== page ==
5. Unwilling says:

    PhilNL says “a 4 year old who receives proper and age-appropriate instruction would want to be baptized.” Correct! What I see under the surface here is a lack of understanding of the concept of objective Truth.

    There is a very bad tendency to misunderstand the meaning and reality of acceptance of the Good News of Jesus Christ the Son of God in his Mystical Body, the Catholic Church. Obedient acceptance of Revelation is not the same as deciding/choosing to “belong” to a political party or to “support” a sports team.

    It makes no more sense to forebear directing children to the Way of Salvation than it would to suggest they make up their own minds when to cross busy streets or what bottles under the bathroom sink they should drink out of. Etc.

    Of course, if the child, for whatever unhappy cause, objects and refuses to be Baptized, he should not he forced.

  6. acmeaviator says:

    “I strongly caution against the notion of all children being allowed to “make their own decision” with regards to Faith. Parents have a right and the responsibility to raise the children whom God has entrusted to them. That responsibility includes having them baptized and catechized.”

    The “make their own decisions” crowd are really saying to parents “stand back and let us determine what your children should think and believe – you just keep them clothed, fed and housed and we’ll take care of the rest.”

  7. Yes, I have a missal from the 1965 Mass. I got it for a few dollars at a used bookstore in Vancouver, WA….

  8. Supertradmum says:

    In all my years working with families in RCIA, I have never heard a priest tell parents to a child under 18 that the child should decide on their own.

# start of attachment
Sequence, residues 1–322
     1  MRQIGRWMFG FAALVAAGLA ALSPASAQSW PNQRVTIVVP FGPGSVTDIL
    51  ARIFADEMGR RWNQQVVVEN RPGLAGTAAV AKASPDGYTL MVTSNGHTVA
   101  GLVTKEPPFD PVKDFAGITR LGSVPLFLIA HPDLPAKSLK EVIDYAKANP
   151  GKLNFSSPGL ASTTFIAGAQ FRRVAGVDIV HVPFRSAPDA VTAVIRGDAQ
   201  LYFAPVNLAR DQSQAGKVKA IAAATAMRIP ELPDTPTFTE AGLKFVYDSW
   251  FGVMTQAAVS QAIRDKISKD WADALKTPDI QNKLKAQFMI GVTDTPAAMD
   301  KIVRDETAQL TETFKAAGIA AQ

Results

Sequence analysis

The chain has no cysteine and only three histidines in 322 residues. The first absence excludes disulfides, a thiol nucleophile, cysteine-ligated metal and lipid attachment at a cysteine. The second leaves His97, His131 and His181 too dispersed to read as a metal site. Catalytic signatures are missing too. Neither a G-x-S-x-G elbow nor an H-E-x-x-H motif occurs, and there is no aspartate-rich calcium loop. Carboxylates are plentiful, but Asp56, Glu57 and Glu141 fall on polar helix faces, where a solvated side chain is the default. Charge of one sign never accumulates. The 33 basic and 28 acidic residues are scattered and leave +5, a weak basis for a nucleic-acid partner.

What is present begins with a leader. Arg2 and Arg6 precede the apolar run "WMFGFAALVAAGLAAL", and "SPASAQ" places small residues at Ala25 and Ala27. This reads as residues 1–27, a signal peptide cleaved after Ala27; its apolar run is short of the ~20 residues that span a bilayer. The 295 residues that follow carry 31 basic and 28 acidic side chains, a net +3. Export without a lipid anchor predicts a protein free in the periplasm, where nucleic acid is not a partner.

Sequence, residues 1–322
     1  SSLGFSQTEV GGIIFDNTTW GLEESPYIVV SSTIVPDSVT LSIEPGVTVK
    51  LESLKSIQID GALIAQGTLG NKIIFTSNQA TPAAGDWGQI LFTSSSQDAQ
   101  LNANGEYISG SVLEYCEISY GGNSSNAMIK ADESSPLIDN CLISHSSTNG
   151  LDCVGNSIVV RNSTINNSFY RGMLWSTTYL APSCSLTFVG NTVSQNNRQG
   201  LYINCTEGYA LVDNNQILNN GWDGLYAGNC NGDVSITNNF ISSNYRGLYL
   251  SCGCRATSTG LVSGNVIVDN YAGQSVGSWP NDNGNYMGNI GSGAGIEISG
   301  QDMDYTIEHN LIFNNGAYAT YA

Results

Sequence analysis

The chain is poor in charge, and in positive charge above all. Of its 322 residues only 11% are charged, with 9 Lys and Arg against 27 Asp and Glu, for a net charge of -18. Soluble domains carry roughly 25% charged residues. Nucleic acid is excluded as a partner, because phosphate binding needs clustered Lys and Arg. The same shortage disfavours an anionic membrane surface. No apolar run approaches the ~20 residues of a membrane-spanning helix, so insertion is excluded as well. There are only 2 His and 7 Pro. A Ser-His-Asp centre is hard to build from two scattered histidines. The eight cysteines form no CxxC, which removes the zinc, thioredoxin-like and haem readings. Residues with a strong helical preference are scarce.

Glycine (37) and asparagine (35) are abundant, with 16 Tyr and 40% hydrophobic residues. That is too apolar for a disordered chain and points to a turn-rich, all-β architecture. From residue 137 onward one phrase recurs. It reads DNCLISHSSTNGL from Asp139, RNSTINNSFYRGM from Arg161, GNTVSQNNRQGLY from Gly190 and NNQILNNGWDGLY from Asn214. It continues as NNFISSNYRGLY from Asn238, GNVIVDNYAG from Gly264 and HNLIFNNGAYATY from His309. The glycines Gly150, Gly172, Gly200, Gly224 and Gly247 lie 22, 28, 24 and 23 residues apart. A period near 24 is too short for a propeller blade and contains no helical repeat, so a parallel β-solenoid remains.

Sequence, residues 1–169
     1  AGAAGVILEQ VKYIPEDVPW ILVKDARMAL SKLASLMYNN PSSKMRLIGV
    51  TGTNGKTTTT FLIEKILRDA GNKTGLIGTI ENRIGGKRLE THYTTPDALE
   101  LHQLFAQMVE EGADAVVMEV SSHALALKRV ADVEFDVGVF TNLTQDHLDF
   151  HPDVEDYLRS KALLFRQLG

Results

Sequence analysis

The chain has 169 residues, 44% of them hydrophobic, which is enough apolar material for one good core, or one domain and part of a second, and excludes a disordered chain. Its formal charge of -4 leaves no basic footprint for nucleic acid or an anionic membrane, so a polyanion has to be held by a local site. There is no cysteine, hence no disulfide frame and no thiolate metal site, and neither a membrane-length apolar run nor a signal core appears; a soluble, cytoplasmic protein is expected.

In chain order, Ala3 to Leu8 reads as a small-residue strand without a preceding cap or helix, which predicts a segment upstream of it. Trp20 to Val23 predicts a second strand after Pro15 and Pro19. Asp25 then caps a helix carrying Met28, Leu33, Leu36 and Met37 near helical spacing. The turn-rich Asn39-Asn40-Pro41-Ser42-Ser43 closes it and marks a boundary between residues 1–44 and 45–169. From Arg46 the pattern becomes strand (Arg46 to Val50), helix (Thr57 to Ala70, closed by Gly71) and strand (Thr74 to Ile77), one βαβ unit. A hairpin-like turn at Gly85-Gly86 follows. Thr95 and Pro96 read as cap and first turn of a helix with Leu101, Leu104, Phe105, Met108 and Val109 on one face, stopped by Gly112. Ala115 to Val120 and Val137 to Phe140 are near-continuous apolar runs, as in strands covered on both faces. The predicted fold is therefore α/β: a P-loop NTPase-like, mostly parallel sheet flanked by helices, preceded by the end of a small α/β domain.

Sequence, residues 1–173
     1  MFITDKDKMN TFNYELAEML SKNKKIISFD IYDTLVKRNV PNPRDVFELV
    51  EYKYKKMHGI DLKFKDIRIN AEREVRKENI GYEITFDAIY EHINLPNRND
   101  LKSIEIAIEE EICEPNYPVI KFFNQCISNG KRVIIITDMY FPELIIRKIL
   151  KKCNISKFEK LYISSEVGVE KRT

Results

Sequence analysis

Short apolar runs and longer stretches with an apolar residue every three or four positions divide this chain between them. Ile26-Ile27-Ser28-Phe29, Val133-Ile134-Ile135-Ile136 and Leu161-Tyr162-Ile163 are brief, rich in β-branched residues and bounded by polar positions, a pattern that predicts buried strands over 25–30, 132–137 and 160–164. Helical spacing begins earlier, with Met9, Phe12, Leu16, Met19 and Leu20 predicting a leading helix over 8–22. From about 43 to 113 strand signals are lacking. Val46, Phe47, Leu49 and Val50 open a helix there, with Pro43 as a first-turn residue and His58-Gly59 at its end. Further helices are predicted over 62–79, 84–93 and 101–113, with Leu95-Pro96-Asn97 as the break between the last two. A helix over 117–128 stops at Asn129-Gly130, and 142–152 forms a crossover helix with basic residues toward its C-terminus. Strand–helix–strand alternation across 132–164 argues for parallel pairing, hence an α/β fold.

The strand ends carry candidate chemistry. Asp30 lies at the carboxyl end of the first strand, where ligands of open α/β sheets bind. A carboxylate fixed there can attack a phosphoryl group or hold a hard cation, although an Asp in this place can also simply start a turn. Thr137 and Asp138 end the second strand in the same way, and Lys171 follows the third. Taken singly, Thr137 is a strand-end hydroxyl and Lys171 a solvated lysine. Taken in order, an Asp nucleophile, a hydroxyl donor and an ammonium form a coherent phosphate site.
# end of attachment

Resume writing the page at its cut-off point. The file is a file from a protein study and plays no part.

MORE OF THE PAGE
What is this all about? Children are under the guidance and in obedience and can learn to love Catholicism. This false idea creates a division in the family.


  9. Patti Day says:

    I’m wondering what reason a child under the age of five could give as to why she didn’t wish to be baptized.

  10. Susan G says:

    Hmmm. I’m not sure and wouldn’t presume to speak on the appropriateness of allowing the child to choose in this situation but am very excited to attend the baptism of a two year old this weekend who is bursting with joy in anticipation of her baptism. Her mother is non-Catholic, but she spends much time with her grandparents and the mother has agreed to Baptism. The child is so excited and loves church. This post reminded me of her and made me wonder how we respond to the contrary. Clearly a child cannot be baptized without parental consent but it would seem that the sacrament would be rendered useless by someone who doesn’t believe it or desire it until such time as they do in the case presented. Still an act of grace but unless we are receptive to it and properly disposed it cannot be efficacious.

  11. Unwilling says:

    Patti Day
    1. Grandma says being baptised [religious, church going] is bad
    2. Uncle George says the priest will try to touch me bad
    3. I don’t want to have water poured on me
    4. I don’t like that man [Fr X]
    5. Imagine

    Of course, parents who accept the Gospel have a duty (lovingly and rationally) to remove these false or silly “reasons” from the mind of the child until he ceases to refuse Baptism.

  12. Suburbanbanshee says:

    Well, obviously you wouldn’t want to haul a four-year-old to the font, kicking and screaming. If the kid’s in a “No” stage, it’s pastoral to wait a little bit, even though the parents’ consent would make the Sacrament totally valid.

    OTOH, I agree that there are probably plenty of ways to present this to the kid more sweetly. Any opposition is probably just the kid worrying about the big changes going on, or having a picture in her mind that she’s going to be dunked face-first.

    Holy water is for everybody. In the case of the unbaptized, it’s a symbolic call to BE baptized, and that’s nothing but good!

  13. kittenchan says:

    One of the best responses I ever heard to the idea of not raising a child in any religion but instead waiting until he was old enough to “decide for themselves” was that we wouldn’t similarly raise our child without a language but instead wait for him to choose his own, now would we?

  14. Imrahil says:

    Dear Supertradmum,

    maybe they didn’t tell them because there was no need. But all children that have use of reason – that is roughly, all children of and above the age of 7 – need to accept their own baptism, even (I hear) for validity.